Finally there is the online connection, where everyone lives in a little world where even the most common video game is apparently worth a small fortune. Sometimes craigslist is ok, if you get to the post on time, otherwise you're not going to get a reply and wonder if your message is trapped inside someone's spam filter as you hope they still have the item you wanted and will get back to you before you die of old age. And ebay can go fuck itself, that is all I have to say about it.

The sad truth is that flea markets and thrift stores alike have become one in the same, as the prices are set by some goober who has internet access and thinks the mass of games listed on ebay for any given price is the socially accepted price. As where the reality is if that were in fact the accepted price they wouldn't still be listed. My only way of collecting the games I want to own and play are to keep searching these places that slowly but surely shrivel and dry up.

Saturday, May 12, 2012

Total Overdose: A Gunslinger's Tale in Mexico [Follow up]

Have you ever watched a tragedy unfold before your eyes and you get that helpless feeling nagging from within that you should do something, yet there is truly nothing you can do? That is how I feel when I play Total Overdose, although to a slightly less dramatic extent. I've made it clear, within this blog, that I enjoy video games for not only their gaming values but also for a sense of traveling through the environments they present. Many games offer many different places, but Total Overdose boldly tries to recreate the since of Mexico while telling it's story, but sadly does both poorly, in my opinion.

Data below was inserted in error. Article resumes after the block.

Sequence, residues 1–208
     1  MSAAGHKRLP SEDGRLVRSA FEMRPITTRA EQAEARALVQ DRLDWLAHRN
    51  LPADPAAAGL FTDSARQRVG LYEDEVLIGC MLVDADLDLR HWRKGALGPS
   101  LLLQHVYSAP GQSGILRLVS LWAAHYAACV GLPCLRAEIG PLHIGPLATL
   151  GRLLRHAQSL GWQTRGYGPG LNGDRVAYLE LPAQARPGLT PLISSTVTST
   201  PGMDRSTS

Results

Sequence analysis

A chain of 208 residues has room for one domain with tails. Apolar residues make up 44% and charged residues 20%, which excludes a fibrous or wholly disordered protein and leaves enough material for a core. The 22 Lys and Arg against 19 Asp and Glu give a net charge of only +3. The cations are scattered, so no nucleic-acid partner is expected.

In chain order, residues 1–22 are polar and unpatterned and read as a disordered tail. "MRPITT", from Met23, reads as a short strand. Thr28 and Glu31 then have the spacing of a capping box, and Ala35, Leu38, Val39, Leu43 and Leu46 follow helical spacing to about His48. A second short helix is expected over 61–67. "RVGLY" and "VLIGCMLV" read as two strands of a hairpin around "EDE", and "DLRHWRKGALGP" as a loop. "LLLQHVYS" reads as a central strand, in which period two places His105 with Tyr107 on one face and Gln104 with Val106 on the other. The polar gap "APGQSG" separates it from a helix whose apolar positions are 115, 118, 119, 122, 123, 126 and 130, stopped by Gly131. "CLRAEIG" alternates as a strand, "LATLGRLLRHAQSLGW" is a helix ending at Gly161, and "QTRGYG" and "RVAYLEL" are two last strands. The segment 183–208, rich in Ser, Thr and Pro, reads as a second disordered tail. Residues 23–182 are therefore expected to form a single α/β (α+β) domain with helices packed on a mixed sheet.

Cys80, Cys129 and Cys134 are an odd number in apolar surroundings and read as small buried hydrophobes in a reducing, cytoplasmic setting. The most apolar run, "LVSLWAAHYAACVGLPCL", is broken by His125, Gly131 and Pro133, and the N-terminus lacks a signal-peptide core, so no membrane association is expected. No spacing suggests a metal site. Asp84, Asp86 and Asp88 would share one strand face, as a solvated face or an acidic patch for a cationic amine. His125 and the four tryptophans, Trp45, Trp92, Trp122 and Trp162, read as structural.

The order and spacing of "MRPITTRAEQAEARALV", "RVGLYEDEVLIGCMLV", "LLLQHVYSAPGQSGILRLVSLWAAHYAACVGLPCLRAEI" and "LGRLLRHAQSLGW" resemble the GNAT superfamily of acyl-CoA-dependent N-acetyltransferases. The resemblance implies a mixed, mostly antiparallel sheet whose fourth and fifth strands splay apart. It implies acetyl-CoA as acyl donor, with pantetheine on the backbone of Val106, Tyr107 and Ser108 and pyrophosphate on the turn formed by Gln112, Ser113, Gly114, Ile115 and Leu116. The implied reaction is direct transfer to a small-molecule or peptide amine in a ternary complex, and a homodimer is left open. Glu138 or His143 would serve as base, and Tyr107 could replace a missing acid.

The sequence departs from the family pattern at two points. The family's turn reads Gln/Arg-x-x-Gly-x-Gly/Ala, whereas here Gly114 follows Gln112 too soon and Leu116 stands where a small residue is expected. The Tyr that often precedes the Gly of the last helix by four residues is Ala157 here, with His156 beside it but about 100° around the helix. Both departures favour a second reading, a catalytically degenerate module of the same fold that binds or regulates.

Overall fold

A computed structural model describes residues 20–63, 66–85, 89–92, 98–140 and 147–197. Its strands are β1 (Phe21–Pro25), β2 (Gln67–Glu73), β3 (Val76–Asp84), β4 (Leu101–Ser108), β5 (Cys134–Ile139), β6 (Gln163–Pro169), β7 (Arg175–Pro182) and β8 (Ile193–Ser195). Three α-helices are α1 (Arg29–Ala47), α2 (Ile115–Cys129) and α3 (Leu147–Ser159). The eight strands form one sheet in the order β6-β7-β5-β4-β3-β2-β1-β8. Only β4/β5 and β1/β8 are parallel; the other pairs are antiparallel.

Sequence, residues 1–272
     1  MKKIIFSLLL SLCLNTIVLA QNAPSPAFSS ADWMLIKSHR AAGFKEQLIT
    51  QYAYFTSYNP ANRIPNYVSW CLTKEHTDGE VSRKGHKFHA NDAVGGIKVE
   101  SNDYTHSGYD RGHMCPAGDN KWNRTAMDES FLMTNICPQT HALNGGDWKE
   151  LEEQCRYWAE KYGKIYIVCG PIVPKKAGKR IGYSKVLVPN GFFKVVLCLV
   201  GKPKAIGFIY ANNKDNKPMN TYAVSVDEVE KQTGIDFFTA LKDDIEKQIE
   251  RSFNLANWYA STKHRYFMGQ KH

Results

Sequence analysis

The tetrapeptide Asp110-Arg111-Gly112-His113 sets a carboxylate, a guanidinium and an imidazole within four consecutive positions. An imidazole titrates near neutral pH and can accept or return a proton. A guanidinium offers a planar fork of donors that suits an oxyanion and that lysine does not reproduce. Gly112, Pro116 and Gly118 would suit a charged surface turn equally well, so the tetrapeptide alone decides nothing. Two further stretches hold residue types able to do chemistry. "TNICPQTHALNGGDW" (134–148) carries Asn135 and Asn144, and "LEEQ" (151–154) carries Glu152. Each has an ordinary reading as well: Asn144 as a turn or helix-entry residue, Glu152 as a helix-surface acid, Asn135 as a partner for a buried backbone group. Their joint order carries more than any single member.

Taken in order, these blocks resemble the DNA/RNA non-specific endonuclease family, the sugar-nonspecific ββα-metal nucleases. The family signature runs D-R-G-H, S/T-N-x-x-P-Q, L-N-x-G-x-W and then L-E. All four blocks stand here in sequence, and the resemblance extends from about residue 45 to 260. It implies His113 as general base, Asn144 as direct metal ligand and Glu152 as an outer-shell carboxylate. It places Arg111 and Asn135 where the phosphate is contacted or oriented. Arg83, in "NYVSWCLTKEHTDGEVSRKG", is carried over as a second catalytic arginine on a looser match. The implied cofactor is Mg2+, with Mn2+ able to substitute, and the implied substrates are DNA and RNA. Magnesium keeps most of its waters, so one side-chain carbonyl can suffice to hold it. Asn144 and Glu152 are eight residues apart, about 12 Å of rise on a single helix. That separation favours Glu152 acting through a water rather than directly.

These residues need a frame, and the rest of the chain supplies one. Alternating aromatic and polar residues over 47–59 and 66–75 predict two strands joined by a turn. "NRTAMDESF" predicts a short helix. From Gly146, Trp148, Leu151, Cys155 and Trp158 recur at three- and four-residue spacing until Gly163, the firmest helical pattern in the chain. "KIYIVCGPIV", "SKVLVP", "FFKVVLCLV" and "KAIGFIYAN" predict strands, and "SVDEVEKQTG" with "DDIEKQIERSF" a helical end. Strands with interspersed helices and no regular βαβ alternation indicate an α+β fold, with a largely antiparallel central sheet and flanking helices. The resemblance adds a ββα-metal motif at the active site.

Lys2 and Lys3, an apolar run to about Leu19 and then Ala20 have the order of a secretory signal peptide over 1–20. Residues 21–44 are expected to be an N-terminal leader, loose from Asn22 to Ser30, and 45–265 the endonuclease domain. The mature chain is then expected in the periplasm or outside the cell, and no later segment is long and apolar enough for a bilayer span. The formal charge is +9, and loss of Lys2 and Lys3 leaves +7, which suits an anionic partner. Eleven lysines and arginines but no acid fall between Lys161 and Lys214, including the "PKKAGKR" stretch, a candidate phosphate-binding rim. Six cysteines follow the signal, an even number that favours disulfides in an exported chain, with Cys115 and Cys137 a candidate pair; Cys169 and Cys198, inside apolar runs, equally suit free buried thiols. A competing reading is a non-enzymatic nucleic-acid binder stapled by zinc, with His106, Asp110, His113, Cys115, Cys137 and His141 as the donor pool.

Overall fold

I know that you can't judge whether something is truly emulating any given object without being familiar with the original first, and to try and do so is not only unjust to the original but unfair to the item emulating it as well. I don't know Mexico, I've never been but maybe someday I will go, but when I play Total Overdose I get the overwhelming feeling that it was all created by outside observers looking in and making rash judgements to build the product. I can't say this with certainty, but I just don't get the feeling that I do with other games.